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Curtin astronomer discovers 49 galaxies in 3 hours

An astronomer from Curtin University discovered 49 new galaxies from just three hours of operating the MeerKAT radio telescope in South Africa.

Dr Marcin Glowacki was leading an international collaboration aiming to study the star-forming gas in a single radio galaxy.

However, while the team didn’t discover the star-forming gas in the galaxy they were studying, they instead uncovered other galaxies when inspecting the data later.

Dr Glowacki will appear on next week’s Space Connect Podcast to talk through his findings.


“I did not expect to find almost 50 new galaxies in such a short time,” Glowacki said. “By implementing different techniques for finding galaxies, which are used for other MeerKAT surveys, we were able to detect all of these galaxies and reveal their gas content.”

The discovery has been nicknamed the 49ers, a reference to the 1849 California gold rush miners, and was facilitated by IDIA (Inter-University Institute for Data Intensive Astronomy).

The team later found that many of the galaxies were near each other, forming groups, and three were directly connected by their gas.

“These three are particularly interesting, as by studying the galaxies at other wavelengths of light, we discovered the central galaxy is forming many stars,” said Dr Glowacki.


“It is likely stealing the gas from its companion galaxies to fuel its star formation, which may lead the other two to become inactive.”

Professor Ed Elson, from the University of the Western Cape and a co-author of the paper, said, “This discovery highlights the raw power of the MeerKAT telescope as an imaging instrument.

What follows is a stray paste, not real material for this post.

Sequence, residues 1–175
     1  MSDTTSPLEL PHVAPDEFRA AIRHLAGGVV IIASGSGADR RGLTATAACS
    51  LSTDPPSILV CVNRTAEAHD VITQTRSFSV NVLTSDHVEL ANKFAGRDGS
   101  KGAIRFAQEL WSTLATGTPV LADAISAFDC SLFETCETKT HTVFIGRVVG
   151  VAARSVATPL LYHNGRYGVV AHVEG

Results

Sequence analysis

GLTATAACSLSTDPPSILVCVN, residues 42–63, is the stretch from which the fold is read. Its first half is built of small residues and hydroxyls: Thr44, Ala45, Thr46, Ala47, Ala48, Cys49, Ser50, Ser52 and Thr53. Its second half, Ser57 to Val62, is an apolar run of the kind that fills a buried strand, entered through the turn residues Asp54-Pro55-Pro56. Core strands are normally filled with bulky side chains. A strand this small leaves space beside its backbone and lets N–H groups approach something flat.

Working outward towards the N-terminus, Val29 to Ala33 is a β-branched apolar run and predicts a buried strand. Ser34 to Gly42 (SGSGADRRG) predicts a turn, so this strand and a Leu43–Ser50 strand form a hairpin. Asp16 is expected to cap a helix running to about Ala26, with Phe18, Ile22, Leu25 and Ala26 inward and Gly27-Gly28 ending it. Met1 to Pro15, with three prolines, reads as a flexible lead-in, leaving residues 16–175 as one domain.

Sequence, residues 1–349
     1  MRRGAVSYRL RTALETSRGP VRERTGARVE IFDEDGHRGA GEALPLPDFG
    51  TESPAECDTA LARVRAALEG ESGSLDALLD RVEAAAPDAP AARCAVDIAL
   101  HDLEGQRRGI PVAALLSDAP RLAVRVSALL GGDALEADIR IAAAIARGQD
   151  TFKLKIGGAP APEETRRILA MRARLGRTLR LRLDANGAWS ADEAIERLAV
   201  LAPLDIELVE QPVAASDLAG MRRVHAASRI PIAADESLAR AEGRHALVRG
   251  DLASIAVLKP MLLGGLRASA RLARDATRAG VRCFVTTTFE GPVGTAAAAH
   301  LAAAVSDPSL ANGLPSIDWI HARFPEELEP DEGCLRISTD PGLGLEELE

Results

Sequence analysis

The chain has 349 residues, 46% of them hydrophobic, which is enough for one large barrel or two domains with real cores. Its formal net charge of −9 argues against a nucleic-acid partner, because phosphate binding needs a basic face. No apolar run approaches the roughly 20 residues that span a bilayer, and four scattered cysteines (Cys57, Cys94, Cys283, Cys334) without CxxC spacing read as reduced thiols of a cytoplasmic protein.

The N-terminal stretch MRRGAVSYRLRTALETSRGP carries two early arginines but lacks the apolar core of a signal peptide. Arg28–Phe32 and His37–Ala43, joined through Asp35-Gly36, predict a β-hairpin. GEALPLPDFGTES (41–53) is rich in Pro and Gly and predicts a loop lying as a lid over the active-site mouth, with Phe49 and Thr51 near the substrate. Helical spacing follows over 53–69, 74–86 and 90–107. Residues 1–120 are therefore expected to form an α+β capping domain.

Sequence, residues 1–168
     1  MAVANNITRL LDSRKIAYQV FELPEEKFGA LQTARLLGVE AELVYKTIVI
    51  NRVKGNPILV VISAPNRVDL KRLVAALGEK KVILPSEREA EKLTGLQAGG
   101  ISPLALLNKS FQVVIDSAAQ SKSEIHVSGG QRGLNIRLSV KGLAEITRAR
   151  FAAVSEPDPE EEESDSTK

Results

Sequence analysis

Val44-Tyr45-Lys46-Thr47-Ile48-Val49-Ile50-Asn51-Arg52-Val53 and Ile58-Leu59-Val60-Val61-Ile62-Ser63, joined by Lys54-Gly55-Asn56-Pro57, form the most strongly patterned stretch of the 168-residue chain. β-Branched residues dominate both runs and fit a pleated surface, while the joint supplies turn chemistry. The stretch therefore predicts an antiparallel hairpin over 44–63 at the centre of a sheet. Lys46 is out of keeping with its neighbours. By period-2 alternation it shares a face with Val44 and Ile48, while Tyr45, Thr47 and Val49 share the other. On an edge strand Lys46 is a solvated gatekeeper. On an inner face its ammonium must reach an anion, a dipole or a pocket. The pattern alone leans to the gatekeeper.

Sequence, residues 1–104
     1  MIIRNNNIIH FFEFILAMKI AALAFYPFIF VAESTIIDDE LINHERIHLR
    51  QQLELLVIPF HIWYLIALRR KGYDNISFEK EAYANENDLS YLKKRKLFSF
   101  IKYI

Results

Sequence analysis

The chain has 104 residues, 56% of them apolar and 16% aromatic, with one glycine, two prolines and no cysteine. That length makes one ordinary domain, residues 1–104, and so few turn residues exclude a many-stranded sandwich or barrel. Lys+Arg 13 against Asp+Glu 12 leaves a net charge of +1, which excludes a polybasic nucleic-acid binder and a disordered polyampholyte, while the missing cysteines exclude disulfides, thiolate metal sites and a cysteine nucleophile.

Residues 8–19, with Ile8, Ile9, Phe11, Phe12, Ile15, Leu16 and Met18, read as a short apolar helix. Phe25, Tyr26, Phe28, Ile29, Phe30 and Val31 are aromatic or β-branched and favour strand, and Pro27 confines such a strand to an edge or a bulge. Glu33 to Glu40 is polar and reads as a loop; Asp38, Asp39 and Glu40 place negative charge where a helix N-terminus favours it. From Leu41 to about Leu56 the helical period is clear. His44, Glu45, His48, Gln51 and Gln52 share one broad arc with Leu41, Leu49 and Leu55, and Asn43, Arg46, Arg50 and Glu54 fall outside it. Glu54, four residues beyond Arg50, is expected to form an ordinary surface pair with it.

“The methods we developed and implemented to study the 49ers will be useful for MeerKAT large science surveys and smaller observing campaigns such as ours.”

Dr Glowacki has recently discovered more gas-rich galaxies with the help of Jasmine White, an ICRAR summer student, who worked with him and analysed short observations made by MeerKAT.

“We hope to continue our studies and share even more discoveries of new gas-rich galaxies with the wider community soon,” Dr Glowacki said.

The Australian-led paper was published in Monthly Notices of the Royal Astronomical Society this week.

It’s not the first time Dr Glowacki’s work has made headlines. Last year, Space Connect reported how he used the 36-dish ASKAP telescope to make a discovery that challenged the hypothesis around how “fast radio bursts” form.

Traditionally, the phenomenon has only been recorded in colliding galaxies that create the massive stars apparently necessary to generate the bursts.

However, an Australian-based team have now detected them in a much calmer galactic environment.

Fast radio bursts are intense bursts of radio emission that can last just milliseconds and were only first detected in 2007. The exact processes that cause them have long been shrouded in mystery.

Adam Thorn

Adam Thorn

Adam is a journalist who has worked for more than 40 prestigious media brands in the UK and Australia. Since 2005, his varied career has included stints as a reporter, copy editor, feature writer and editor for publications as diverse as Fleet Street newspaper The Sunday Times, fashion bible Jones, media and marketing website Mumbrella as well as lifestyle magazines such as GQ, Woman’s Weekly, Men’s Health and Loaded. He joined Momentum Media in early 2020 and currently writes for Australian Aviation and World of Aviation.

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